By Makaela Willis, Marketing & Owner Services Assistant
As the snow finally melts away, we are all starting to make our to do lists for spring cleaning or starting to plan out our gardens. I may not have a yard anymore as a college apartment renter, but I remember the many hours I would spend helping to clean up my parents’ yard as a kid and teenager, as well as helping to plan more than one garden in my lifetime. So, I decided to put together a list of things you can do to get your yard or garden ready for planting and encourage those early spring pollinators that help make your garden grow and our ecosystems thrive.
- Hold off on the yard work. Don’t remove those old leaves in your yard and wait to mow your yard for the first time. Let those flowering weeds be in the early spring. Leaving your yard a little “unkept” and letting the dandelions and clovers alone when they start blooming helps the bees and other pollinators survive. Just wait until it is a little warmer outside. Instead, start prepping those garden beds or direct sow some cool weather crops.
- Have specialty items in your yard: Put out a hummingbird feeder or create/purchase a bee box. This will help you have some control over where the bees move into instead of finding them inside your shed, in a random tree in your backyard, or maybe even in your yard or basement. (70% of bees live underground.) Also, putting up a hummingbird feeder can provide the pollinators with a source of food before the flowers are blooming. Your garden could attract butterflies, bees, and hummingbirds, too! GreenTree recently brought in a mason bee house that you can put up to shelter the bees.
- Put in a Butterfly or Bee Garden: Dedicate a part of your yearly garden or backyard to plants that help our local pollinators thrive. In a butterfly garden, you may have holes in your foliage, but you could also find caterpillars and cocoons that you can watch hatch into butterflies. You can also add in a “Bee Bath” – a shallow bird bath or small bowl of clean water with an arrangement of rocks and pebbles for bees and pollinators to rest on as they drink. Making one of these gardens also reminds me of making fairy gardens as a kid. (For more ideas on making your yard a pollinator’s haven, check out these articles: 10 Ways to Save the Bees or Gardening for Pollinators)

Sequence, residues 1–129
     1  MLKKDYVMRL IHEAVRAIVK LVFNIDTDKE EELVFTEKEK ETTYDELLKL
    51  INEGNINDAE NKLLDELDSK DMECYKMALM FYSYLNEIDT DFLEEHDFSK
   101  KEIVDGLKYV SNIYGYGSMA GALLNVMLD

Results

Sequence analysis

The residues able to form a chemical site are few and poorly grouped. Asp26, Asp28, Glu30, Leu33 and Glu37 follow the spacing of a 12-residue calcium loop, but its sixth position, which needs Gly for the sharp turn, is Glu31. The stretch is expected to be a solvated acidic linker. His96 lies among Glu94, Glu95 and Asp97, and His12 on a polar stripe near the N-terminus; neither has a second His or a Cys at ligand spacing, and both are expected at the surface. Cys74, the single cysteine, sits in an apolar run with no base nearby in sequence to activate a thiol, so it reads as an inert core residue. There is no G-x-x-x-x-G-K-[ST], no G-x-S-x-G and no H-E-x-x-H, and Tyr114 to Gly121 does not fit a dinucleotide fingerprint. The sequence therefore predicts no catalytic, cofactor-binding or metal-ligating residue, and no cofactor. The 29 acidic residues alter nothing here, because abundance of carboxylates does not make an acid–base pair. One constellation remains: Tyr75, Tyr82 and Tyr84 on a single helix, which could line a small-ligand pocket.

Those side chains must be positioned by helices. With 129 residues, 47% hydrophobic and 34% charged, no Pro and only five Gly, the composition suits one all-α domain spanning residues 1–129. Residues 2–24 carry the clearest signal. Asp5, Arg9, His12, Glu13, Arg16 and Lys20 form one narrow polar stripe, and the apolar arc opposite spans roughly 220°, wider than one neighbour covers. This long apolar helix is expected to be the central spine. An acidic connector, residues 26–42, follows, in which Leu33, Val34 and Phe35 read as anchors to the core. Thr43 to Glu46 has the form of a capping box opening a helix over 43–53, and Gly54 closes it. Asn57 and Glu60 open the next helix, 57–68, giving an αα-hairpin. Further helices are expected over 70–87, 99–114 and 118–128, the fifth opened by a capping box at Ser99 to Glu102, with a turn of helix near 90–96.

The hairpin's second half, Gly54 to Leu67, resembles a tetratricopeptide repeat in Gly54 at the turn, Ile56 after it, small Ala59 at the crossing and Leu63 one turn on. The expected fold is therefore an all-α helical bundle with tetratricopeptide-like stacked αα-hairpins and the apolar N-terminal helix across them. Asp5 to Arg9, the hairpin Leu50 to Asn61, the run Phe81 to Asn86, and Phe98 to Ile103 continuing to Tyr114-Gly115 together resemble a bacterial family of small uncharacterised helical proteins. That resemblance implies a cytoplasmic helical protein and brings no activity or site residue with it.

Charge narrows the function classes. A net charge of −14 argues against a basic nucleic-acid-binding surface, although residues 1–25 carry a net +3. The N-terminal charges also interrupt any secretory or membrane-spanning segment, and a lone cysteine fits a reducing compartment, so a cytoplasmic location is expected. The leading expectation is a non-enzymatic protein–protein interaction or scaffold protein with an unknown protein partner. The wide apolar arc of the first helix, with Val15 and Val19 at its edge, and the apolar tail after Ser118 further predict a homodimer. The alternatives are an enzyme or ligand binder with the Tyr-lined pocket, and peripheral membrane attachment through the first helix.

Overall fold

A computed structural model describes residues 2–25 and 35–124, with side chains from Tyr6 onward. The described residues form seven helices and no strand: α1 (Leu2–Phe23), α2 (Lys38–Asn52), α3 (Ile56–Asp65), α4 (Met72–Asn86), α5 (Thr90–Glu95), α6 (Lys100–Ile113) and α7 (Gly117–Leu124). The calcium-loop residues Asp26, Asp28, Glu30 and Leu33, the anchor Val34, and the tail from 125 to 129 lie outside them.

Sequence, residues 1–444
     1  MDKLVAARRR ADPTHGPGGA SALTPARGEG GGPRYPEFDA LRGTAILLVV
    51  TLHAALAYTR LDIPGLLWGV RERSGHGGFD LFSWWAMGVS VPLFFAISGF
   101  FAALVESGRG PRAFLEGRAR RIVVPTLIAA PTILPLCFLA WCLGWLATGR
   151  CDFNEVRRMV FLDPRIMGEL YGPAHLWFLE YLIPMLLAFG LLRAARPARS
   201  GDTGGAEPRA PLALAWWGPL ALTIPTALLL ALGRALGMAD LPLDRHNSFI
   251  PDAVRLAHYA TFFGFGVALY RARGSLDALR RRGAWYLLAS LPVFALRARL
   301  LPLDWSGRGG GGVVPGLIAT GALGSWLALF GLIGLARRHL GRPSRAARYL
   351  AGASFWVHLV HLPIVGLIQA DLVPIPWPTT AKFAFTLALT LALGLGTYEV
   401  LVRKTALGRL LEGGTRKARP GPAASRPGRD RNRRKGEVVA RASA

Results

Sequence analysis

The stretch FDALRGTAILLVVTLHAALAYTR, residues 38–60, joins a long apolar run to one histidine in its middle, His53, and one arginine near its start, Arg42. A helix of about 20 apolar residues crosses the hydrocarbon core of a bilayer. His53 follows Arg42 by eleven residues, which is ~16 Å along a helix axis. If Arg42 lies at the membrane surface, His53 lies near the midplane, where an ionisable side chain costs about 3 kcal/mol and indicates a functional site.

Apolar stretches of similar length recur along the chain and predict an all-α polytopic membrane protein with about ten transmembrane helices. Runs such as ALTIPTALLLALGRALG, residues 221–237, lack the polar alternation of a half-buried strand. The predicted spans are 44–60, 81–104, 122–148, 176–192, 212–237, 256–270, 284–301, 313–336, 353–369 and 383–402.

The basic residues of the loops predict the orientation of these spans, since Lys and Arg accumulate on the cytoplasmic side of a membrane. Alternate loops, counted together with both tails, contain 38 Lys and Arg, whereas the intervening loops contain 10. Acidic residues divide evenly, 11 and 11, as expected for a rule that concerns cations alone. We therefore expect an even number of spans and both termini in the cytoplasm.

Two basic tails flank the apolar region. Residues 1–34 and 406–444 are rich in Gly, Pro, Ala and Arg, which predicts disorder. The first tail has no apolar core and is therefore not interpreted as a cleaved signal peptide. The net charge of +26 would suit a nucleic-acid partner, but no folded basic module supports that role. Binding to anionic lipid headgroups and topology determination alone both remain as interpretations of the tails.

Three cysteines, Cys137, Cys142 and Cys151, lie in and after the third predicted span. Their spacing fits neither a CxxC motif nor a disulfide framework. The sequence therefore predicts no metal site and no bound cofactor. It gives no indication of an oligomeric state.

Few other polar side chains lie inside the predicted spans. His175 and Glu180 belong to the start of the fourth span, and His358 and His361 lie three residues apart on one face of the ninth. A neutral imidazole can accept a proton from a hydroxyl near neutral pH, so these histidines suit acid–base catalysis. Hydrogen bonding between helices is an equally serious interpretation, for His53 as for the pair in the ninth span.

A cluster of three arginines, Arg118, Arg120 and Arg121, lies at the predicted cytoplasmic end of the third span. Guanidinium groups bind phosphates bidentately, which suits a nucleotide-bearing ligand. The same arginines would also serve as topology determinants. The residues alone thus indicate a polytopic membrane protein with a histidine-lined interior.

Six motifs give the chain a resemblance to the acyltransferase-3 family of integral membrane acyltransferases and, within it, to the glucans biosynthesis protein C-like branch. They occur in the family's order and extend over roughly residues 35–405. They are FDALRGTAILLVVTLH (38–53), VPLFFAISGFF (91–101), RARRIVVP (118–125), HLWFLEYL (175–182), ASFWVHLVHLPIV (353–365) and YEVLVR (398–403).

- Focus on native plants instead of hybrids or popular yard plants: This may take a little research, but plantings trees, foliage, and flowers that are native to your area really helps our ecosystems thrive. Right now, lots of people are even switching to planting grasses that are native to their region. Here in the Midwest, we can plant white clover, creeping thyme, and other grasses. They also take less maintenance and water to keep up with! So, moving to more native plants in your yard could save you money as well as saving the bees. Here are some alternatives that are Native to this region.
- Stop using pesticides or go the non-chemical route: Many pesticides are really harmful to pollinators like bees and butterflies, and they can damage the ecosystem around you, too. If you prefer to spray, there are natural options for managing weeds in your yard and protecting your garden from pests. Just make sure to do your research and look at the labels to find alternatives that use non-toxic or non-chemical ingredients.
- Know who to call when you need to relocate any bees or other creatures/insects: When you use insect repellents or insecticides to remove nuisance insects you may be harming pollinators as well. When searching for someone to remove bees from your space, look up ‘apiaries near me’ or ask local beekeepers. They will know how to relocate the bees rather than killing them. Make sure to do your research when choosing someone to remove pests and ask the exterminator about other creatures and insects that could be in danger from the products they use.
Now, for those of us that don’t have a yard (like me) there are other ways that we can help. If you have a balcony or patio you can put out planter boxes or a hummingbird feeder. Even without a yard or patio, we can still spend our money on things that help aid pollinators. Buy local honey to support local beekeepers. Or, purchase items that help educate consumers and give some of their profits towards environmental change; like Me and the Bees Lemonade and Equal Exchange. Choosing these products always makes me feel like I am making a difference, no matter how small it is. Being informed about what you are consuming is a great step towards protecting our ecosystems and creating environmental change.
There are a lot of ways to consider our local ecosystems when doing spring yard work and making your space ready for all the summer activities that await us in the warmer months. Small choices like planting native plants or maintaining a bee bath can make a huge difference for the pollinators.